TORONTO — Pynk, a program launched recently at Sunnybrook’s Odette Cancer Centre, aims to provide help and support to young women battling breast cancer.
The name “Pynk” combines pink, the colour associated with breast cancer, with a “y” that stands for young women.
Sunnybrook medical oncologist and University of Toronto associate professor of medicine Dr. Ellen Warner founded the program, together with several young breast cancer survivors and Dr. Judith Weinroth. Weinroth, a general practitioner in oncology, serves as the program’s director.
Warner noted that while people tend to consider breast cancer a disease of older women, a significant number of women under the age of 40 develop it. Statistics from a Sunnybrook media release say that of an estimated 8,500 women diagnosed with breast cancer annually, five to 10 per cent of them are women under 40.
“Israeli researchers have shown, and I have seen, too, that young women have a worse time, and have a worse prognosis than older women” Warner said.
Besides the purely medical difficulties, she said, the psychological and social issues around breast cancer in young women is dramatic. Ten years after being diagnosed, she said, women still have difficulty because of the drugs and the treatment, including body image, infertility and weight gain.
“It can destroy marriages, educational opportunities, careers,” Warner said.
Tumours in older women tend to be discovered by regular screenings. “But the tumour has to be big enough to be seen on ultrasounds, and young women’s may grow too fast for this to be much good,” she said.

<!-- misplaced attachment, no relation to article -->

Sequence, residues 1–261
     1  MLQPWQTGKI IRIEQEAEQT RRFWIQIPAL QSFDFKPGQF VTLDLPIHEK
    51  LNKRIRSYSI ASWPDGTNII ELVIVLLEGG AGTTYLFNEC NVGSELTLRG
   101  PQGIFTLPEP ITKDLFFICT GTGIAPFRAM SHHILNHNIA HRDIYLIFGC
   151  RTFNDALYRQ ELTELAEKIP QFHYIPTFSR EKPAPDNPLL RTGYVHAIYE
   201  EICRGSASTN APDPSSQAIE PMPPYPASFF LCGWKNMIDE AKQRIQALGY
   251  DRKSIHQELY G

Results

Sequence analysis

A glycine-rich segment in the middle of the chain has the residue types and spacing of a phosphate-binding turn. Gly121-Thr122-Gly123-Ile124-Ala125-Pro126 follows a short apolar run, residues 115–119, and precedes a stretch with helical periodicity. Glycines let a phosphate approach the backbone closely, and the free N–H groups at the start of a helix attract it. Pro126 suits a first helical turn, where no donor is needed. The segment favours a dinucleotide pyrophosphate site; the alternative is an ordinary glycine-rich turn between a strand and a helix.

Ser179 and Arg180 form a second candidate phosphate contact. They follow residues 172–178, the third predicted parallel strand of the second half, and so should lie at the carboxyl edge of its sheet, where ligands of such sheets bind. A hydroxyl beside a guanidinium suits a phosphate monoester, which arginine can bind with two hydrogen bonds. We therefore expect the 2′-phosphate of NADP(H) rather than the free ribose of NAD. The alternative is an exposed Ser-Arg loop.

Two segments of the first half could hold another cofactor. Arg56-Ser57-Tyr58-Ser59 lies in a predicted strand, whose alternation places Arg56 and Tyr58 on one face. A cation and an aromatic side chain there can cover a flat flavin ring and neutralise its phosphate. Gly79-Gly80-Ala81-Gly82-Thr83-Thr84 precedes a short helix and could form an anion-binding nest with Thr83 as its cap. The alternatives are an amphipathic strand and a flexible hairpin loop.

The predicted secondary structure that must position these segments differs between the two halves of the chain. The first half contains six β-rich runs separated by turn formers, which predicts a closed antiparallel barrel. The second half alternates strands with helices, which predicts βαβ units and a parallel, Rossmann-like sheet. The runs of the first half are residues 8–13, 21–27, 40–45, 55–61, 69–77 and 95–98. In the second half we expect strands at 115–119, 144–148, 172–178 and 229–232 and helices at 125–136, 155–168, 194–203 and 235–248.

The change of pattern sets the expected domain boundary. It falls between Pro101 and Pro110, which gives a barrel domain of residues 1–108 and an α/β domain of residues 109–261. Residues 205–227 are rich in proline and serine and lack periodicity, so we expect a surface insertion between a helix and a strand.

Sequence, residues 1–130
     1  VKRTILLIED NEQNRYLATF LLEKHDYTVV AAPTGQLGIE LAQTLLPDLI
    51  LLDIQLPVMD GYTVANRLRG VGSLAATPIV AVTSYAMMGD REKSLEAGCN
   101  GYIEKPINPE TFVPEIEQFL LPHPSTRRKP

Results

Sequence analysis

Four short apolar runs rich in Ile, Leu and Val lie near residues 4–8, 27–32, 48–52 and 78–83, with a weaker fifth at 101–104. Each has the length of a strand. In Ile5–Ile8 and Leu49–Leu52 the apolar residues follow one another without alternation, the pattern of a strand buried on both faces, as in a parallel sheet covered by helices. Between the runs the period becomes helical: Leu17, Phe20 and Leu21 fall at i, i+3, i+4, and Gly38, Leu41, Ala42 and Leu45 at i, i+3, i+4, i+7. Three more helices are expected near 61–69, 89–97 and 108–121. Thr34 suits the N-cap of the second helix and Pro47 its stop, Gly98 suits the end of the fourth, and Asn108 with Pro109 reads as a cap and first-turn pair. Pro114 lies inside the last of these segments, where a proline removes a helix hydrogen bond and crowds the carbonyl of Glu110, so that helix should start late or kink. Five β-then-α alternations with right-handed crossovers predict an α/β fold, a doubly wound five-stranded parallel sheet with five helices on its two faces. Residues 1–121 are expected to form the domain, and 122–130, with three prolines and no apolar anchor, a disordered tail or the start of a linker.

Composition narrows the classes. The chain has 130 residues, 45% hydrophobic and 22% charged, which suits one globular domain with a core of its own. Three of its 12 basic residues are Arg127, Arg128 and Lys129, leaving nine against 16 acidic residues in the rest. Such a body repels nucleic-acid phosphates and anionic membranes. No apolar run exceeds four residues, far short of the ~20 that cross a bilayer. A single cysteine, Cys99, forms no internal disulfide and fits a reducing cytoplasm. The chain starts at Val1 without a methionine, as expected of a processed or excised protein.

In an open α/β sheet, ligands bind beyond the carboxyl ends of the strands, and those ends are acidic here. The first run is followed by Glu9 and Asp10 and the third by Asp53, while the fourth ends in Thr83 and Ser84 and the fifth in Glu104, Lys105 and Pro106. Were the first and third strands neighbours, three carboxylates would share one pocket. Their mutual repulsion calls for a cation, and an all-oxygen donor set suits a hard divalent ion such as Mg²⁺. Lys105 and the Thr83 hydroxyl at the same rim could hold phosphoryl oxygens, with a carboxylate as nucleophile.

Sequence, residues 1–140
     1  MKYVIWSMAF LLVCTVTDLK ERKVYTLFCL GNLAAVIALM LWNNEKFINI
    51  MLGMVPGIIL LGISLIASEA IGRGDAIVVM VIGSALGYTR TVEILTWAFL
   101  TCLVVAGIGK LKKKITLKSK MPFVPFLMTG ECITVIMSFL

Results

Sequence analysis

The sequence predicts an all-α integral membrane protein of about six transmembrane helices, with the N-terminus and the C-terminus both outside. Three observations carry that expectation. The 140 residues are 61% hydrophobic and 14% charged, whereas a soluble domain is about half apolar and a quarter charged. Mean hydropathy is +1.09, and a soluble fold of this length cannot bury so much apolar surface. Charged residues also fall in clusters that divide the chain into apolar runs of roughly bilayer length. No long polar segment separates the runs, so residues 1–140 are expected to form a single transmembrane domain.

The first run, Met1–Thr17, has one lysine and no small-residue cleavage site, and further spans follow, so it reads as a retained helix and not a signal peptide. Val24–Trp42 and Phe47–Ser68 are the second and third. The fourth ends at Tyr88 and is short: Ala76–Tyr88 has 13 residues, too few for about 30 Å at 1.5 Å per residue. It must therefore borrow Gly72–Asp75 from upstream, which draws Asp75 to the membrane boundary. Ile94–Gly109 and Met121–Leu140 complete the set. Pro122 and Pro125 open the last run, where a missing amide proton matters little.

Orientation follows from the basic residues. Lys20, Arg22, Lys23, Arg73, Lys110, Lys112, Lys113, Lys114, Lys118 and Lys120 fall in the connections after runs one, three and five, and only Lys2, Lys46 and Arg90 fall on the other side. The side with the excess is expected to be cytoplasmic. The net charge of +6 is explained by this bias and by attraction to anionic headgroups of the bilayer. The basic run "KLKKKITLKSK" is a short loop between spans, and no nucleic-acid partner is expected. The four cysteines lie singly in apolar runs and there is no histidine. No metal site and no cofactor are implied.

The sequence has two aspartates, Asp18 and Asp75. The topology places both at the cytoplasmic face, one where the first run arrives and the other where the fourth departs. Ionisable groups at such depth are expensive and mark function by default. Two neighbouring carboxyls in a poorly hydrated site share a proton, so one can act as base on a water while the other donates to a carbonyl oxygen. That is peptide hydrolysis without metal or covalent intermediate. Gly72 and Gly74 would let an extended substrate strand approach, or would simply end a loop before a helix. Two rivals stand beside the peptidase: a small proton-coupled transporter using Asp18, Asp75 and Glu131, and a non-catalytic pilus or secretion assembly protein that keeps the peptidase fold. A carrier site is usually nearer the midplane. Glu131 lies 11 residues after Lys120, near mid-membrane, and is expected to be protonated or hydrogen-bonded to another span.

Symptoms such as lumps (often painless), a clear or bloody discharge from the nipple, or changes in the size, shape or skin of the breast are often ignored in young women, especially if they were recently pregnant or are nursing, she said. This is because pregnancy and nursing can cause many of the same conditions. A delay in diagnosis could have serious consequences, Warner cautioned.
Even when older and younger women were matched stage by stage, younger women do much worse. “We want to figure out why,” she said.
Young women diagnosed with breast cancer who join the Pynk program have a first meeting with a nurse and the program co-ordinator. The women are offered support, comfort and information, and then are referred to a surgeon or oncologist. “We can fast-track them,” Warner said.
The nurse guides the women through the cancer-treatment system, explaining what is happening, sending them to whatever specialists are best for their particular situation, co-ordinating treatments and hooking them up to support groups.
For young women, fertility can be a major concern. Has she had any children yet? Is her family complete? Will the treatment cause infertility? If she needs surgery, will she still be attractive to her spouse? These are some of their concerns.
The issue is complicated if a woman carries the BRCA1 or BRCA2 gene mutation, a mutation primarily found in Ashkenazi Jewish women, that makes her more prone to breast and ovarian cancer, Warner pointed out.
Weinroth follows up with the women in the program. The program also offers information for the patient’s family, as well as access to support groups.
Pynk is supported through fundraising and donations.
For more information, visit the Sunnybrook website, www.sunnybrook.ca, or call the program co-ordinator at 416-480-5000, ext. 1059.